“Data Cloud is built on the Einstein 1 platform,” Jania explained. “The Einstein 1 platform is our entire Salesforce platform and that includes products like Sales Cloud, Service Cloud — that it includes the original idea of Salesforce not just being in the cloud, but being multi-tenancy.”

Data Cloud — not an acquisition, of course — was built natively on that platform. It was the first product built on Hyperforce, Salesforce’s new cloud infrastructure architecture. “Since Data Cloud was on what we now call the Einstein 1 platform from Day One, it has always natively connected to, and been able to read anything in Sales Cloud, Service Cloud [and so on]. On top of that, we can now bring in, not only structured but unstructured data.”

That’s a significant progression from the position, several years ago, when Salesforce had stitched together a platform around various acquisitions (ExactTarget, for example) that didn’t necessarily talk to each other.

“At times, what we would do is have a kind of behind-the-scenes flow where data from one product could be moved into another product,” said Jania, “but in many of those cases the data would then be in both, whereas now the data is in Data Cloud. Tableau will run natively off Data Cloud; Commerce Cloud, Service Cloud, Marketing Cloud — they’re all going to the same operational customer profile.” They’re not copying the data from Data Cloud, Jania confirmed.

Another thing to know is tit’s possible for Salesforce customers to import their own datasets into Data Cloud. “We wanted to create a federated data model,” said Jania. “If you’re using Snowflake, for example, we more or less virtually sit on your data lake. The value we add is that we will look at all your data and help you form these operational customer profiles.”

Let’s learn more about Einstein Copilot

“Copilot means that I have an assistant with me in the tool where I need to be working that contextually knows what I am trying to do and helps me at every step of the process,” Jania said.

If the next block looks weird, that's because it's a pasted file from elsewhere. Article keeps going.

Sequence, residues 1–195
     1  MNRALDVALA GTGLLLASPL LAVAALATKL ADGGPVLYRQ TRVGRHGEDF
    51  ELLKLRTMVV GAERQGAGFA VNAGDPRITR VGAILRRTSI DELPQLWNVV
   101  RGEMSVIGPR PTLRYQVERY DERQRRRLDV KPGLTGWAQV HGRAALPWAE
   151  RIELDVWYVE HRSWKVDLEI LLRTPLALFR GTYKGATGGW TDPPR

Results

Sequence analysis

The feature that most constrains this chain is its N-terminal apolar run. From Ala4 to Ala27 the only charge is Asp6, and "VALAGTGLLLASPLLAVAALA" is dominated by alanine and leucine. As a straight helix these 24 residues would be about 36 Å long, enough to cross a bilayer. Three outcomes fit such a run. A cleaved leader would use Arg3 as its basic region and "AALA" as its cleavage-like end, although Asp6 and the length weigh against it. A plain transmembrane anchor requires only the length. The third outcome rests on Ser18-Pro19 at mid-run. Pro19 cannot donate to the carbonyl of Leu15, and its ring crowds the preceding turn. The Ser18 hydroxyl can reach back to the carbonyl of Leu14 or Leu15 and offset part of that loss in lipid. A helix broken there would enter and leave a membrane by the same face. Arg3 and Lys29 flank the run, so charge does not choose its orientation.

For marketers, this might begin with a campaign brief developed with Copilot’s assistance, the identification of an audience based on the brief, and then the development of email or other content. “What’s really cool is the idea of Einstein Studio where our customers will create actions [for Copilot] that we hadn’t even thought about.”

Here’s a key insight (back to nomenclature). We reported on Copilot for markets, Copilot for merchants, Copilot for shoppers. It turns out, however, that there is just one Copilot, Einstein Copilot, and these are use cases. “There’s just one Copilot, we just add these for a little clarity; we’re going to talk about marketing use cases, about shoppers’ use cases. These are actions for the marketing use cases we built out of the box; you can build your own.”

It’s surely going to take a little time for marketers to learn to work easily with Copilot. “There’s always time for adoption,” Jania agreed. “What is directly connected with this is, this is my ninth Connections and this one has the most hands-on training that I’ve seen since 2014 — and a lot of that is getting people using Data Cloud, using these tools rather than just being given a demo.”

What’s new about Einstein Personalization

Salesforce Einstein has been around since 2016 and many of the use cases seem to have involved personalization in various forms. What’s new?

“Einstein Personalization is a real-time decision engine and it’s going to choose next-best-action, next-best-offer. What is new is that it’s a service now that runs natively on top of Data Cloud.” A lot of real-time decision engines need their own set of data that might actually be a subset of data. “Einstein Personalization is going to look holistically at a customer and recommend a next-best-action that could be natively surfaced in Service Cloud, Sales Cloud or Marketing Cloud.”

Finally, trust

One feature of the presentations at Connections was the reassurance that, although public LLMs like ChatGPT could be selected for application to customer data, none of that data would be retained by the LLMs. Is this just a matter of written agreements? No, not just that, said Jania.